This module provides an introduction to basic principles and approaches to computer-aided modelling of environmental processes with applications to real environmental problems such as catchment modelling, pollutant dispersal in rivers and estuaries and population dynamics. Emphasis is placed on the use of computer-based methods and practical examples and you will be introduced to general aspects of environmental systems modelling.
An understanding of chemical toxicity and the methods of assessing toxic responses, including dose-response, biomonitoring and bioassays, will be developed during this module. Students will learn the routes by which chemicals enter biota and the biochemistry detailing biotic transformation and metabolism.
They will also develop presentation skills through the preparation and delivery of a case study on selected toxins present in the environment. In addition to this, the module will examine such topics as drinking water quality and health. An understanding of how toxicology plays a central role in the development of regulatory environmental quality standards for various pollutants in air, water and foodstuffs will also be provided. The effects of pesticides on non-target organisms and the accumulation of organic contaminants in food chains are examined in computer modelling and laboratory-based practicals, and are accompanied by demonstrations from scientists in the Centre for Ecology & Hydrology.
Students will also learn about endocrine disrupting chemicals, chemical/toxicant synergy, the effects of chemical mixtures and the role of epidemiology in examining population level effects.
Taking a broad look at geological hazards, this module will cover everything from contemporary events to those that have shaped the Earth over geological time. The module explores in depth the fundamental processes involved in these events and how and to what extent such events can be predicted. Case histories of national and international disasters will be used to illustrate these hazards, and the inherent risks and potential mitigation measures will be discussed.
A demonstration and elaboration of the geological processes responsible for the occurrence, recurrence and magnitude of hazards will be given. Students will also learn to apply and report on the methods of prediction and mitigation strategies of geological hazards, and will apply simple prediction scenarios of geological hazard occurrence using geological datasets.To this end, students will develop skills in integrating sparse quantitative measurements and qualitative observations in order to derive interpretations from relevant datasets.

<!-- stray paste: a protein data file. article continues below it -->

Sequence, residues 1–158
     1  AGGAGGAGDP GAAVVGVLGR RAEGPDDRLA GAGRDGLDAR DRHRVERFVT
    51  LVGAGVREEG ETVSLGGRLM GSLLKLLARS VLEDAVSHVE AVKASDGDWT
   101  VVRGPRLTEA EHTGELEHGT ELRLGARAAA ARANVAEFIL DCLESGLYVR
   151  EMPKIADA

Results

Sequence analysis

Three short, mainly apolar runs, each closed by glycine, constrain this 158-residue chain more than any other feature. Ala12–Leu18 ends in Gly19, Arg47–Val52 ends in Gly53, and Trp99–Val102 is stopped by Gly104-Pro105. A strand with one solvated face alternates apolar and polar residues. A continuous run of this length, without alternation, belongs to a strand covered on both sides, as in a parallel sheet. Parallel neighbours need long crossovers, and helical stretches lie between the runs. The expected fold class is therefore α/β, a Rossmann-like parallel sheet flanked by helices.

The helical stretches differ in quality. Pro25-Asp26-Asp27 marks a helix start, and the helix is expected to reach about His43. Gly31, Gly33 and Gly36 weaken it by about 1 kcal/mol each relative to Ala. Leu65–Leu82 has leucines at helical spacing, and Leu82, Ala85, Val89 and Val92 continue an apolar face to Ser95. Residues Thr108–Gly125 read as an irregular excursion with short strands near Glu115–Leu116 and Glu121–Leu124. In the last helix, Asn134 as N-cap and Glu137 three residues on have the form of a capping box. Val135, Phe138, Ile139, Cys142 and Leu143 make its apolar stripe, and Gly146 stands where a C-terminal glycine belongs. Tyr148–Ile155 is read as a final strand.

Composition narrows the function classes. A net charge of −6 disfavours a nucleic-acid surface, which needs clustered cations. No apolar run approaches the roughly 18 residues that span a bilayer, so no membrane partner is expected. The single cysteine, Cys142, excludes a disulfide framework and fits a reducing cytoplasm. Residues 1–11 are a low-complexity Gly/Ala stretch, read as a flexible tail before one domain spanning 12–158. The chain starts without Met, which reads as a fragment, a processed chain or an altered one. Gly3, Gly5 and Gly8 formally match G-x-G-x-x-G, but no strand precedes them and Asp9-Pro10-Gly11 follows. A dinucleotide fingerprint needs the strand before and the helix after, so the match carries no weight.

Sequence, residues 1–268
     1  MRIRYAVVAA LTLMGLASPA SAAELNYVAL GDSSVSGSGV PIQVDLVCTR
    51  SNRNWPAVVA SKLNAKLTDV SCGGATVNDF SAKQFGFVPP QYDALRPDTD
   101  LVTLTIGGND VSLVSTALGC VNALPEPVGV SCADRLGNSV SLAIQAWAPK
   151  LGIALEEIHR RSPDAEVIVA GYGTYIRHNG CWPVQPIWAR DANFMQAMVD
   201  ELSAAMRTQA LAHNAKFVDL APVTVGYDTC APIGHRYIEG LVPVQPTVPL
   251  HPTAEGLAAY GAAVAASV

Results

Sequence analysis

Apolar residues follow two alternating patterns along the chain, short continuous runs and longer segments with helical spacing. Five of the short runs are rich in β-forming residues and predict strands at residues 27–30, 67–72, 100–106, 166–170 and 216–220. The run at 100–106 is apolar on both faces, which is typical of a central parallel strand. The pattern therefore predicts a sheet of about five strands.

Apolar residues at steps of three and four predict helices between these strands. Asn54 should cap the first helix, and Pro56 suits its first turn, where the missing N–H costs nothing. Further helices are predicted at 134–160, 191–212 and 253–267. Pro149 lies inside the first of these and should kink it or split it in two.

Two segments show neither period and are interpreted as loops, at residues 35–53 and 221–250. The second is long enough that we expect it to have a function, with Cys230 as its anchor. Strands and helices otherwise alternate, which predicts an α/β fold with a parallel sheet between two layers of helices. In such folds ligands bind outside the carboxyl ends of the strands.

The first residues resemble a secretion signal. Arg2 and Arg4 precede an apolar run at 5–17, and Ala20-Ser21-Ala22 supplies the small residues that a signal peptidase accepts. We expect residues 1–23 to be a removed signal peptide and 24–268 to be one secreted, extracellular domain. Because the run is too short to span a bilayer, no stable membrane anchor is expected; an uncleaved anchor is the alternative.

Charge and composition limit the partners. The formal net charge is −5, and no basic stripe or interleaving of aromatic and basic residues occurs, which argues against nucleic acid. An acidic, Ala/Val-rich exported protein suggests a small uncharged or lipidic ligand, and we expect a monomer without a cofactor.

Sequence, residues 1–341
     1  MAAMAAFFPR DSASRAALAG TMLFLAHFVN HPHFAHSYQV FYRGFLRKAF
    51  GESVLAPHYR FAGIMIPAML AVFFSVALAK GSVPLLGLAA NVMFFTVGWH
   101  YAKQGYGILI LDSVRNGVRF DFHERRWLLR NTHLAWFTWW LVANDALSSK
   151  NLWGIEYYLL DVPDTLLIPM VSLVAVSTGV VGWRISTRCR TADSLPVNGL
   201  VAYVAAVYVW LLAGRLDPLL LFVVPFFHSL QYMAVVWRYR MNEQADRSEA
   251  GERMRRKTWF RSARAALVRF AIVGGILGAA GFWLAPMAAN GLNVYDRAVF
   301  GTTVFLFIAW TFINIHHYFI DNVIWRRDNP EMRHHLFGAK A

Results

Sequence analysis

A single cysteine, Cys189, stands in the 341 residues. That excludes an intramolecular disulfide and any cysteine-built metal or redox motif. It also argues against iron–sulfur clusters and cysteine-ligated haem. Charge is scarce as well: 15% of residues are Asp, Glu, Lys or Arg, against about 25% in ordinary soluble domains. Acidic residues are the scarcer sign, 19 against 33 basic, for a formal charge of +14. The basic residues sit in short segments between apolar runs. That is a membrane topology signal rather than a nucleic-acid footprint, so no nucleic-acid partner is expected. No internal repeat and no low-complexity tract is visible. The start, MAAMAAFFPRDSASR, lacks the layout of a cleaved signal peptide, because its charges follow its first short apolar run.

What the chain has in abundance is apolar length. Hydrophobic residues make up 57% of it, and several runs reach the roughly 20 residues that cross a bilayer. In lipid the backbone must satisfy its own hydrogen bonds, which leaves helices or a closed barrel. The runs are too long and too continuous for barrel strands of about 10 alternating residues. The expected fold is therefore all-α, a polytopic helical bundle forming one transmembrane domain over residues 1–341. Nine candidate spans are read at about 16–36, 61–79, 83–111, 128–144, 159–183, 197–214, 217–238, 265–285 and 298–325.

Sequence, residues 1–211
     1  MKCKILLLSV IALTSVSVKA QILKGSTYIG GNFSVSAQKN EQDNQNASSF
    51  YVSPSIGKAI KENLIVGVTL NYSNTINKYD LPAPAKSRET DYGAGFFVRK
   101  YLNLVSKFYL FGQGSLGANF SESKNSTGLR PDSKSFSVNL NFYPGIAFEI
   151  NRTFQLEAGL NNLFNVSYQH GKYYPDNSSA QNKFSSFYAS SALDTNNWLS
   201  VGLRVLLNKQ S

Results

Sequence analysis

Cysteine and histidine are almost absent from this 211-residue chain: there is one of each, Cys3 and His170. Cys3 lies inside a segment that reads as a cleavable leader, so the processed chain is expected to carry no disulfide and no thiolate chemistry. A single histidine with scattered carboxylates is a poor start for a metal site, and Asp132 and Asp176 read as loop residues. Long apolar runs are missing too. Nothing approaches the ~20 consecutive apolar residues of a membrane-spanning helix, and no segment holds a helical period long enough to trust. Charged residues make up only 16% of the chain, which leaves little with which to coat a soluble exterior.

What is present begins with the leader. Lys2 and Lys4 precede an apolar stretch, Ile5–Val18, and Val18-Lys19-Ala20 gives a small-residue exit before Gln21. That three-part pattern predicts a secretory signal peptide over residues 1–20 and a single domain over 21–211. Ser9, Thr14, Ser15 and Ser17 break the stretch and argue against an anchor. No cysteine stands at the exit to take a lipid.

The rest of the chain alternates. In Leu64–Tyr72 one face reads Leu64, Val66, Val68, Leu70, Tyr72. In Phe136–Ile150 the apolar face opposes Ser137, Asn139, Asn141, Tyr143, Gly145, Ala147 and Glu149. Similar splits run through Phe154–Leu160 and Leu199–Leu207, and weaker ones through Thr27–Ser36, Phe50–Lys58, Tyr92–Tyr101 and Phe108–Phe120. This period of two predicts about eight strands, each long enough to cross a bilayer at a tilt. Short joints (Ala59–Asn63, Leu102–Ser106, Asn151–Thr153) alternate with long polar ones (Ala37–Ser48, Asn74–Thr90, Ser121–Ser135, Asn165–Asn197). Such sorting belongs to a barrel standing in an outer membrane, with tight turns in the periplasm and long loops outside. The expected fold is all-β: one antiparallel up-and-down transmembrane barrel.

The module underscores far-reaching concepts such as using the past to inform the future and environmental risk. It will ultimately develop a sense of human-place in the geological world, promoting an understanding of how the geological world impacts human society, and what can be done to limit that impact.
This module covers the possible positive and negative effects that various forms of renewable energy have on the environment. You will develop a critical understanding of the key concepts of renewable energy, and the tools and techniques for assessing the environmental impact of renewable energy schemes. In particular, you will be able to assess the challenges facing the development and deployment of large renewable energy schemes and the uncertainties related to their environmental impact.
Please note, this is a core module for the Energy pathway.
How do international laws protect, govern and shape your human rights?
This course provides an overview of the various rights that are protected through international instruments: civil, political, economic, social and cultural rights.
You will also be given a general introduction to regional and universal systems for human rights protection and promotion. This will focus on the UN human rights system but you will be encouraged to take a comparative view of regional human rights protection systems.
You will gain a substantive and procedural knowledge of human rights through the international system. And you’ll engage with some key debates in this legal arena, such as the development of human rights and the human rights obligations of non-state actors.
To get the most from this module, you will have some knowledge of general international law and have a law or social science background.
Our prestigious Law School is home to some of the most highly-regarded international lawyers and research-active lecturers - you will benefit from their expertise as they teach on areas closely aligned with their own research interests.
National and ethnic tensions lie at the heart of many contemporary international conflicts. But what are the rights of peoples, national minorities and indigenous peoples under international law?
Our Rights of Peoples module takes an in-depth look at this key question and encourages you to critically explore the idea of a national identity and relations between groups within states.
In particular, you will examine: